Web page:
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Old 08-13-2016, 09:02 PM   #21
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I have the exact same truck, same numbers, in a 2015. I am leaving in the morning heading to Colorado from Florida. My 27 foot Toy Hauler weighs about 7,800 pounds loaded with a tongue weight of 1,050 pounds. I added Michelin LTX Defender LT E rated tires. My combination works great for me. I am very happy with my F150 as a tow vehicle with my trailer.

That said, if I went with a larger trailer I believe I would go with a 3/4 ton truck. I use a Husky WDH and 2 friction sway bars. The ride and stability is very good but I get the feeling that I am close to the comfortable limits of the truck. Especially for the Rocky mountain trips I do each summer.

Last year I used the original Goodyear P rated tires and this year I put the LT tires on. It made a big difference. I don't get pushed around by big trucks anywhere near as much.
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Old 08-14-2016, 04:45 PM   #22
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I have the '16 XLT 4x4 3.5 EB with the 355. My payload is 1830 with the 36 gal tank. So I would say I have a more than able tow vehicle. You are always going to get these guys with the 3/4 & 1 ton commenting on the F-150 posts.
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Old 08-14-2016, 06:04 PM   #23
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LOL, Two years ago I sold my 08 F350 when we bought the Solera. Kind of wish I still had it but honestly I use this truck fairly often and it's much more to my liking than my Lariat F350 was. I drive mostly in sub 45mph areas and the darn thing was often in DPF cleaning mode. On the rare times I took it for a longer drive or pulled a load, it was fine. Do I wish I still had it... no. Maybe it's my dumb luck but when I fill with diesel, I can rarely find a pump that is clean and not covered in diesel. They may be amazing pulling machines, but you better keep the hand scrub close when filling.

Maybe in a couple of years when we are looking for a new layout, I will get a 3/4 or 1 ton. I think we are focusing on a few 7500 GVWR 31 footers that my F150 should pull with ease.

Thanks for all the posts. Lots of good info.
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Old 08-14-2016, 06:47 PM   #24
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The published GCWR for your truck according to the manufacturer, LESS (-) the actual SCALE weight of YOUR tow vehicle with everything you will carry in the truck - full tank of fuel, driver and all passengers, trailer tongue weight, hitch, coolers, bikes, etc. leaves you with how much trailer (GVWR) you should be shopping for. Most people will overload the trailer so don't guess that you will only carry so much.

You should stay below all GAWR and GVWRs; and lastly all towing components have to not be exceeded (hitch, ball, etc)
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Old 08-14-2016, 06:58 PM   #25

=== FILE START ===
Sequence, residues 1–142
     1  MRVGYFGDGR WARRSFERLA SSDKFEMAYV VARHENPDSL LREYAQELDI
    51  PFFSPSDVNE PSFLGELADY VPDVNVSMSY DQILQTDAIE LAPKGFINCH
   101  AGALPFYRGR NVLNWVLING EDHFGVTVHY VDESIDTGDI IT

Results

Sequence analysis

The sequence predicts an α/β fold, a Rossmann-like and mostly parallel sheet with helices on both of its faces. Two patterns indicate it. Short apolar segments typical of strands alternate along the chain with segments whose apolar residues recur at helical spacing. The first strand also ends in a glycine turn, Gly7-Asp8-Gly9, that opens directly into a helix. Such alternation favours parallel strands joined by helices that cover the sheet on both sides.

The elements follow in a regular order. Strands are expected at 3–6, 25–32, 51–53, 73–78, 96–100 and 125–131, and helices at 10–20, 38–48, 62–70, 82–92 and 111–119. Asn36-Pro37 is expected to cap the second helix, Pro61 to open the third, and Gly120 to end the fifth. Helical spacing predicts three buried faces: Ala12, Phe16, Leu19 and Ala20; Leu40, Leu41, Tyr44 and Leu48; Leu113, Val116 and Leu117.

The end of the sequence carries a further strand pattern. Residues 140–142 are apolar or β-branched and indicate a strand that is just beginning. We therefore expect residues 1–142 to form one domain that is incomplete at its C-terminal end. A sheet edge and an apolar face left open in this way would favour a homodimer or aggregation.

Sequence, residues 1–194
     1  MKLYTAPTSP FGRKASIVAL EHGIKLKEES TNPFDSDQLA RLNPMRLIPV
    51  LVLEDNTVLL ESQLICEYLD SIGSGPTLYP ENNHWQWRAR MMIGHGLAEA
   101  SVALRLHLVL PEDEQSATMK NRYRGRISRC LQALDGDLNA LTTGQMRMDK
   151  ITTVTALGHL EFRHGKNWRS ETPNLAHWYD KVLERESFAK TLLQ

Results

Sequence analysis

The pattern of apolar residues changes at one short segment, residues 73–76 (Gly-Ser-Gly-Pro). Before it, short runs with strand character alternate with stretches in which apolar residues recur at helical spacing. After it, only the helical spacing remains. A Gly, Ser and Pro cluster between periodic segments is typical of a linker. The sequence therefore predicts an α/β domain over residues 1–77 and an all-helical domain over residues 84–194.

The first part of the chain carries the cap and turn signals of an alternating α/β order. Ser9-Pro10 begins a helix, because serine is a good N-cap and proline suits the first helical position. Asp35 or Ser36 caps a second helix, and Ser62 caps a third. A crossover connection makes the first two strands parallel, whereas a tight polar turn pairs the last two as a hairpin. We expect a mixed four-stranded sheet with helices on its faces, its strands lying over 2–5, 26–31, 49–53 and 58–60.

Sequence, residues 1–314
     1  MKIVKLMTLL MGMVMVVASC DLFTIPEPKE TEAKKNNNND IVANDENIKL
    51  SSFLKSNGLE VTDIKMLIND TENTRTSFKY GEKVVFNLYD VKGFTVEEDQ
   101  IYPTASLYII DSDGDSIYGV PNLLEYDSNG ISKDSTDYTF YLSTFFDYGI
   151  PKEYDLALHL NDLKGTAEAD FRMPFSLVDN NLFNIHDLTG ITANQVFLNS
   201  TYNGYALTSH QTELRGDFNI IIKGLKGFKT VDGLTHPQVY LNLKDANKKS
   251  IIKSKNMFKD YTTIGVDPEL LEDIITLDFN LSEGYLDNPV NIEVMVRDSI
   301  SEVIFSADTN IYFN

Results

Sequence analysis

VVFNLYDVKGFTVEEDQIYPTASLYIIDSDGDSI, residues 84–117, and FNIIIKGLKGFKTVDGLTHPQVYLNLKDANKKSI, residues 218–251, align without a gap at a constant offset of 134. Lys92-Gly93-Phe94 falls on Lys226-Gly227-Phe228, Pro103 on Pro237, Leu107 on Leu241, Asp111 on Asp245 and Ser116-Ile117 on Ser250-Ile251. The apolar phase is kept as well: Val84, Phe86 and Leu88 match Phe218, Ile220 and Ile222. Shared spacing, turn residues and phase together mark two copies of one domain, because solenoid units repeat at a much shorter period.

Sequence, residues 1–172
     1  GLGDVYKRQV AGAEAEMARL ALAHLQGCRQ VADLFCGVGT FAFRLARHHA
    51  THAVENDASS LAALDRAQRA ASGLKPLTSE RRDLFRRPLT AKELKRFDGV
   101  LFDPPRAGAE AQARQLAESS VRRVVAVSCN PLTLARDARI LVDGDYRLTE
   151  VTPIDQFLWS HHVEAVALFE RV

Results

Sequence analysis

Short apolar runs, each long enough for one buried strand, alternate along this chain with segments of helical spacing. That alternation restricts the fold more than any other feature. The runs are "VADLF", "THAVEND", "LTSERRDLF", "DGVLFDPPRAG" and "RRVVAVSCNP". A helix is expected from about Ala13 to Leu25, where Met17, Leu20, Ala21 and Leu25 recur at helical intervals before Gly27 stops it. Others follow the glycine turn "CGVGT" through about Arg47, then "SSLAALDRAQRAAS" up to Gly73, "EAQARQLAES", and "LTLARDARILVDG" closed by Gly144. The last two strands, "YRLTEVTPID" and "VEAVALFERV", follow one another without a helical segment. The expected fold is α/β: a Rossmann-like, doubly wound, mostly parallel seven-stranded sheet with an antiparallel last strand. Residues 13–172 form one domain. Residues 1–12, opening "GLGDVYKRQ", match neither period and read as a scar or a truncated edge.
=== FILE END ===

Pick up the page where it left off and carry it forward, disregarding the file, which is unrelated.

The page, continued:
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I'm not out bragging ,being arrogant about my 1 ton. I was just telling you my story with our new camper and us being nieve with the Saleman saying sure your 1/2 ton will pull that no problem. Yes it pulled that's not the issue and you guys will figure it out on your own. When your tranny temps run high for a long period it's doing damage. Your brakes and rotors aren't going to last. TRUST me I was in the same boat asking people on this site if my truck can pull this blah blah blah. I though I was good but a year later I upgraded trucks.
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Old 08-14-2016, 07:25 PM   #26
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Where's the popcorn?


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Old 08-15-2016, 02:28 PM   #27
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Look at the little sticker on the door frame for payload, surprise. Then subtract you, wife, children, hitch and stuff in the bed from the sticker payload figure - that's suggested max trailer tongue/pin weight on the hitch. The max trailer weight is supplied by manufactures for the different truck styles/packages. State regs and manufactures also have weight limits for brakeless trailers, then trailer brakes are required.
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Old 08-15-2016, 02:44 PM   #28
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I don't have a dog in this thread but the only way my truck and camper will ever go across scales is if someone steals it and they scale it


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Old 08-15-2016, 02:50 PM   #29
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I don't have a dog in this thread but the only way my truck and camper will ever go across scales is if someone steals it and they scale it


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Not sure what this means. Weighing your truck and trailer costs about $10 and benefits you. There is no reason not to do it. It isn't like you are being monitored or anything.

Without weighing, you don't know if you are at, under or over weight(s).




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Old 08-15-2016, 04:32 PM   #30
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Not sure what this means. Weighing your truck and trailer costs about $10 and benefits you. There is no reason not to do it. It isn't like you are being monitored or anything.

Without weighing, you don't know if you are at, under or over weight(s).




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For one thing I'm not a commercial truck and quite that a long time ago. I just ride and keep fuel tank filled up. Bee Happy, my motto


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